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You should look at more than just the employer's dollar amount when you get a new job offer. Most employers offer other benefits that won’t show up in your paycheck but could be beneficial monetarily speaking down the road.
Two common forms of non-monetary compensation are RSUs and stock options. While they are both common, they are very different from one another. Understanding the differences can help you choose the right compensation plan for you.
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Understanding Why Employers Compensate in Equity
Many people aren’t familiar with the reasons for compensation in equity. For example, wouldn’t employees rather have cold, hard cash than company shares in stock options?
While it would seem that way, there is something to be said about employee performance when they have a ‘stake’ in the company. When you’re awarded equity in the company, you’re more likely to work harder, and most companies offering equity outperform those that don’t offer it.
It’s likely due to the mindset it creates. When you have a vested interest in a company other than a paycheck, you’re more likely to look out for the company’s best interests. When you don’t have ‘skin in the game,’ you’re more likely to view the company as lining the owner’s pockets and not your own. You may not work as hard as a result.
What are Stock Options?
A common form of equity employers offer is employee stock options. These assets give you the ‘right’ to buy stock at a specific price within a specific term. Most commonly, employers offer stock options with the right to buy the stock at the current market price at a future date.
The future ability to buy stocks at a lower price often creates motivation or longevity in employees. If you know you can invest in the company after six months, you’re more likely to stick it out for that long, see how it goes, and then invest in the company. Without the option, if you don’t love the position, you may bail faster since you have nothing to lose but your compensation, which is replaceable.
How Stock Options Work
Keep in mind, stock options are the ‘right’ to buy stocks on a specific date. This is the vesting period. You must satisfy the vesting period before exercising your right to buy the stock unless the company allows for early vesting.
You can buy the stocks once the vesting period occurs, but you don’t HAVE to. Any time after the vesting period and within the expiration period, you can buy the stocks or let the stock option expire.
If the stock prices increase higher than your stock option, you can buy the stock at a lower price and earn an instant profit.
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What are RSUs?
RSUs, or Restricted Stock Units, are restricted stock shares that you can’t collect until you meet specific requirements. The requirements are typically the same or similar to those of stock options. You aren’t vested until you meet specific time or performance requirements.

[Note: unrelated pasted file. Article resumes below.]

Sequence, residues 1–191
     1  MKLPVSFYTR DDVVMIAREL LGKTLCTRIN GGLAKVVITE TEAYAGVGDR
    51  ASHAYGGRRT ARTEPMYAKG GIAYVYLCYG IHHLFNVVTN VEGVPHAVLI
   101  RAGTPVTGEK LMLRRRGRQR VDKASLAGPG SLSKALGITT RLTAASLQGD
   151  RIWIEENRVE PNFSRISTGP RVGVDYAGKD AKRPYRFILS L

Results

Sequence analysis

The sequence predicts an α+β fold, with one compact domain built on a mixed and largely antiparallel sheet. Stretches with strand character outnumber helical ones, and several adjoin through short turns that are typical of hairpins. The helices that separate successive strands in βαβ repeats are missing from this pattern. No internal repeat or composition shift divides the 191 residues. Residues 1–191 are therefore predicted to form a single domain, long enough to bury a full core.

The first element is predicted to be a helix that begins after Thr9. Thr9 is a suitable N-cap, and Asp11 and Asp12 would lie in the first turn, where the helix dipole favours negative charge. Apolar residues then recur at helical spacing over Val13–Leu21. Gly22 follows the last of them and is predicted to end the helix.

RSUs are like a cash bonus but in the form of stocks. If you receive Restricted Stock Units, you’ll receive them in predetermined increments as outlined in your offer. The value of the RSU on the day you become vested is what you’ll pay taxes on, although RSUs are taxed as ordinary income as if you received a cash bonus.
How RSUs Work
Like stock options, RSUs motivate employees to help the company perform. Because you only receive your units once you’ve been with the company for a certain amount of time or once the company achieves a specific goal, it helps with employee longevity and motivation to help the company's success.
Once you achieve the vesting period or the company achieves a specific goal, you receive your units and can do with them as you please. You’ll instantly oweand start paying taxes at your ordinary tax rate as soon as you are vested, and some RSUs will be withheld to cover your tax liabilities.
Comparing Stock Options vs RSUs
The most significant difference between stock options vs RSUs is their tax treatment.
Stock options don’t incur a tax liability until you exercise the option. This means you could be eligible for the stock option and hold it but not exercise it, and you won’t owe any taxes. In addition, if you hold onto the stock options for over a year, you can take advantage of long-term capital gains tax rates, which are much lower than ordinary tax rates.
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Stock options also aren’t always valuable. For example, if the company’s stock price fell below the stock option price, the options are worthless. But, if the stock price increases higher than the option price, you instantly have a capital gain.
Unlike stock options, RSU prices aren’t contingent on the stock’s current price. You earn your units when you fulfill the requirements and own the stock. You don’t have to buy the stock at the option price or wait for it to increase.
Is Equity Compensation Good?
Should you consider equity compensation or hold out for cash compensation only?
It’s a common debate among those changing jobs or looking for a new job. Of course, equity compensation has its benefits, especially if the stock price takes off, which is common for newly public companies. But what happens if the company stock price falls?
You’d stand to lose a lot of money, whereas cash incentives don’t lose their value no matter how the company does.
Receiving equity compensation such as incentive stock options or RSUs is like getting the best of both worlds. You have your salary and an investment in the company. What you do with the investment is up to you, but it gives you a piece of ownership in a company that can give you more reason to want to do well at your job.